[time 926] Re: [time 913] Mind over Matter

Stephen P. King (stephenk1@home.com)
Sat, 09 Oct 1999 13:29:19 -0400

Dear Ben and Friends,

        This is neat!
Ben Goertzel wrote:
> > In a few cases... I had been studying Feynman integral myself. It
> > is hard to say that it has been given a definition mathematically.
> >
> In 2D it has been dealt with nicely using analytic continuation, but no one
> has made this work for real 4D space as far as I know
> Some people have dealt with the Feynman integral using some nice Hilbert
> space mathematics, but I forget the references
> My inclination is to discretize everything, and then everything becomes
> automatically definable, i.e. it becomes a finite sum over a large
> number of combinations rather than a divergent integral.

        Could the dichotomy of discrete vs. continuous be a complementarity
like subjects and object? It appears to me, based on my studies that the
contents of observation are always discrete but the realm of
possibilities from which these observations are reified (or
"actualized") is continuous. It appears that the Universe is in-itself
continuous but any subsets of the whole is not...
> The measure underlying the Feynman integral is not clear. Here I would like
> to introduce a notion of subjective simplicity, whereby e.g. the weight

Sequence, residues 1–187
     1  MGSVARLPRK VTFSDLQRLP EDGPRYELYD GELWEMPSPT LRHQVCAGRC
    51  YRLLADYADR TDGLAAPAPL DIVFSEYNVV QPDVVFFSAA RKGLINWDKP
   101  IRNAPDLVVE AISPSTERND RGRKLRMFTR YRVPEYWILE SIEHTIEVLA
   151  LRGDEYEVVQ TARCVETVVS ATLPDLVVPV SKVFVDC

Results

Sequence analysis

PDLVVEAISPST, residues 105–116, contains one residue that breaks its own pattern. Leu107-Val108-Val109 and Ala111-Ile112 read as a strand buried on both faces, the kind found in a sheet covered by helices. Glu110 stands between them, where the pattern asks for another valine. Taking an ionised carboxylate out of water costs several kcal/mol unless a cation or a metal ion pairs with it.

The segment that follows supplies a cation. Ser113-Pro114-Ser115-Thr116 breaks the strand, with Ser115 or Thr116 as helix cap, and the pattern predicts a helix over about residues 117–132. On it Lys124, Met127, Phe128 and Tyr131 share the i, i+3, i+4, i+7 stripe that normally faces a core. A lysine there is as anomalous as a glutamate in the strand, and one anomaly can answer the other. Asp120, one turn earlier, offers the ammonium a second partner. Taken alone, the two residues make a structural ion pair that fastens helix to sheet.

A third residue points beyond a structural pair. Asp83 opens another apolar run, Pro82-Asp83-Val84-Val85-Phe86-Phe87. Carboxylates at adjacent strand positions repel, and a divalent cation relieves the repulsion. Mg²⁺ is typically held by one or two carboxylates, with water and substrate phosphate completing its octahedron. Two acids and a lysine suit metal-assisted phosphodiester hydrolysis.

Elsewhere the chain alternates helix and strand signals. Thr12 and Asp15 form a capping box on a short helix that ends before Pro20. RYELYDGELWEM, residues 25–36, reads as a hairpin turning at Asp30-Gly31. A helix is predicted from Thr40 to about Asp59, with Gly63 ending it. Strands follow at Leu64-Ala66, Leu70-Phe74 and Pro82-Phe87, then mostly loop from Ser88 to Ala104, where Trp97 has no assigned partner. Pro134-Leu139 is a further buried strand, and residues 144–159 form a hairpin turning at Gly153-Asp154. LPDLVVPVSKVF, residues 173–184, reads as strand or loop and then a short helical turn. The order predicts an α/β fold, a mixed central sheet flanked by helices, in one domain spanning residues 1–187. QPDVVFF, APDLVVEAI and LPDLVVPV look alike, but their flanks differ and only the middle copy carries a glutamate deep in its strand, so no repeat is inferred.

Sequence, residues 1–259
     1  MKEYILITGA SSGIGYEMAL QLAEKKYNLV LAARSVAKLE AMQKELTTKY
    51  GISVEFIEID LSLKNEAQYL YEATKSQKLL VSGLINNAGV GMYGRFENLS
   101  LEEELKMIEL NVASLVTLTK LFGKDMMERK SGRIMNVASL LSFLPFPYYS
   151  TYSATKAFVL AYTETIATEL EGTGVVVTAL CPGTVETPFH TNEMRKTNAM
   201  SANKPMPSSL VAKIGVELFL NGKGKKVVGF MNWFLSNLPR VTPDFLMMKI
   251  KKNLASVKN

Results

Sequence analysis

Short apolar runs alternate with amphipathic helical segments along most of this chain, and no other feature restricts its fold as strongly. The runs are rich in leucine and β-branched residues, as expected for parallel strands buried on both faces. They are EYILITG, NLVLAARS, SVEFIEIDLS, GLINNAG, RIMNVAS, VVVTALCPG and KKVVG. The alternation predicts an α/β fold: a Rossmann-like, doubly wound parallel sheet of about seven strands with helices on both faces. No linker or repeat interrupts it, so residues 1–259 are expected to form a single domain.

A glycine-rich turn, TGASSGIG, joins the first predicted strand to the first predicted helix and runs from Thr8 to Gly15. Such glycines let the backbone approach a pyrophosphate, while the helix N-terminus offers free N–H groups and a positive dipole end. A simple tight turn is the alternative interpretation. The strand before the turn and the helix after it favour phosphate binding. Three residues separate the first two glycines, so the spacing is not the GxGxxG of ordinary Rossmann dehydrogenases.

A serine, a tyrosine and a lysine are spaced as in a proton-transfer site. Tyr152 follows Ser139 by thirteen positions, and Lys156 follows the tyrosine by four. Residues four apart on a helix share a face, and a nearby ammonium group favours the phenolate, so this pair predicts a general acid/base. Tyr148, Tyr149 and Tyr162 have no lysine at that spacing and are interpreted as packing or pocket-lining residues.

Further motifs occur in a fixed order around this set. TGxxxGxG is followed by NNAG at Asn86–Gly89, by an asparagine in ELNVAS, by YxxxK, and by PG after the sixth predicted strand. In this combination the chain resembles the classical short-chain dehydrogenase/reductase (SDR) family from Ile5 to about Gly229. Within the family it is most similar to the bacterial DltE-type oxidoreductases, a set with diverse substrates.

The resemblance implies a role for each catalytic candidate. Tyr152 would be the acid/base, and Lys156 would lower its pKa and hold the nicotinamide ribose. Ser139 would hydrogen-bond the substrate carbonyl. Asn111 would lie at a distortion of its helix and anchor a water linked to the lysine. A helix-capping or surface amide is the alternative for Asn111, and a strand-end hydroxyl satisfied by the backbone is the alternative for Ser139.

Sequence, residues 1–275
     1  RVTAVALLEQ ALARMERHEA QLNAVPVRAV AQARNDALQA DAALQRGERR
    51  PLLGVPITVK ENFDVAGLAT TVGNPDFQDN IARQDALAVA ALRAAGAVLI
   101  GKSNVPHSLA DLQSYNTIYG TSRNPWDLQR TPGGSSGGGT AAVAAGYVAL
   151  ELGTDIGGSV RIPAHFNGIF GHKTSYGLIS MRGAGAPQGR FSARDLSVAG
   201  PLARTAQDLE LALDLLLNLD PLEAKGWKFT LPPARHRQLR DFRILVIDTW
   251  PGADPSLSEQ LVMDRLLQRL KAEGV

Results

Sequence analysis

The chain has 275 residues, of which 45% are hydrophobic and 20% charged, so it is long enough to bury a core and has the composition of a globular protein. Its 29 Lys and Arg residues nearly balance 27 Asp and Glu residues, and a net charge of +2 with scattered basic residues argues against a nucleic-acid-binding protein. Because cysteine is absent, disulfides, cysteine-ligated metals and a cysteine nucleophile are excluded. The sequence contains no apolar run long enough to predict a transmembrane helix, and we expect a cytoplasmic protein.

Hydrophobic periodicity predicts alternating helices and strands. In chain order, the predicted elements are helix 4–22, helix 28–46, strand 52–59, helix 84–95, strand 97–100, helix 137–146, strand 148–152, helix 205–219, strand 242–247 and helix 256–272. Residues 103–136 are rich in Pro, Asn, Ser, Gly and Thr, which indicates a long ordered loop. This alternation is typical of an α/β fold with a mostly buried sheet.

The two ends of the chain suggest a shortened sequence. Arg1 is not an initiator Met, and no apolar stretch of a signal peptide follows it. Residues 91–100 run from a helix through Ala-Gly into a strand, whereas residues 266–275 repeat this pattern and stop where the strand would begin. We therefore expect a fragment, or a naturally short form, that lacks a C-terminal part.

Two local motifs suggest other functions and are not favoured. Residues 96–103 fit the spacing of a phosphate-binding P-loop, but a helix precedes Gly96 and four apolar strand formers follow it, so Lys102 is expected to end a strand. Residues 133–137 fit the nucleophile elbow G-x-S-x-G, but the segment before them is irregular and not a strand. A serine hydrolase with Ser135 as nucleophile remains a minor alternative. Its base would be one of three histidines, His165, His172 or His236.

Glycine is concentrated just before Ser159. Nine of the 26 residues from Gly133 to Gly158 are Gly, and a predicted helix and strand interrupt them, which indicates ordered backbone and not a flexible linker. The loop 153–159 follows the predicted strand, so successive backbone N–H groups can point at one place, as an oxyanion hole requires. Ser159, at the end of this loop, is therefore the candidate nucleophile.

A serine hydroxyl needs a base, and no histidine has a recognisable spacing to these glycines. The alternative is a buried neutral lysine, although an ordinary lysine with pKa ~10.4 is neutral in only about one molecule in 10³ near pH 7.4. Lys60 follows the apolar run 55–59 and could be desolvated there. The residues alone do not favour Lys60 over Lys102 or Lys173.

> of a path in the measure is the a priori simplicity of the path. As a first
> approximation algorithmic information could be used for a simplicity
> measure. But I have never pursued this idea
> mathematically, althought it makes sense to me intuitively.

        What is the quintessential difference between information and matter?
Is there a way of quantifying this "simplicity" such that it is
"contextual" and not "a priori"? I think that the subjectivity of
observations (an measurements in particular) are constructions not a
priori, for the same reason that experiences are constructions not a
> Also, if you believe the "mind over matter" results from the Princeton labs,
> these could be explained by the mind altering
> the simplicity measure underlying the Feynman integrals governing particle
> motion. But this is raw speculation
> of course!!

        Mind has the ability to alter probabilities if we believe the data from
http://www.psicounsel.com/pear01.html. This implies that causality is a
very subtle mechanism that we need to look at carefully! This is the
thinking that drives my enthusiasm for Pratt's work! ;^)

Kindest regards,


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